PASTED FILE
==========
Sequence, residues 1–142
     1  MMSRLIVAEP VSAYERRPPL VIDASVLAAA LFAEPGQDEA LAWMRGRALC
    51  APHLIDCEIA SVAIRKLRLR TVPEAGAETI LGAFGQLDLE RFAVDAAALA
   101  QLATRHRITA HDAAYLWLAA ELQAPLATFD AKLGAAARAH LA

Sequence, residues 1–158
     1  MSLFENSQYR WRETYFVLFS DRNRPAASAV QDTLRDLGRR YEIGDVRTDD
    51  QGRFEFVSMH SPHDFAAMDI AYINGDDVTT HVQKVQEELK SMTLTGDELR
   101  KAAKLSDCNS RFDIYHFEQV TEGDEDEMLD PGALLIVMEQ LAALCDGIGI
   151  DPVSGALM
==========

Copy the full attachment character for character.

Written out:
Sequence, residues 1–142
     1  MMSRLIVAEP VSAYERRPPL VIDASVLAAA LFAEPGQDEA LAWMRGRALC
    51  APHLIDCEIA SVAIRKLRLR TVPEAGAETI LGAFGQLDLE RFAVDAAALA
   101  QLATRHRITA HDAAYLWLAA ELQAPLATFD AKLGAAARAH LA

Sequence, residues 1–158
     1  MSLFENSQYR WRETYFVLFS DRNRPAASAV QDTLRDLGRR YEIGDVRTDD
    51  QGRFEFVSMH SPHDFAAMDI AYINGDDVTT HVQKVQEELK SMTLTGDELR
   101  KAAKLSDCNS RFDIYHFEQV TEGDEDEMLD PGALLIVMEQ LAALCDGIGI
   151  DPVSGALM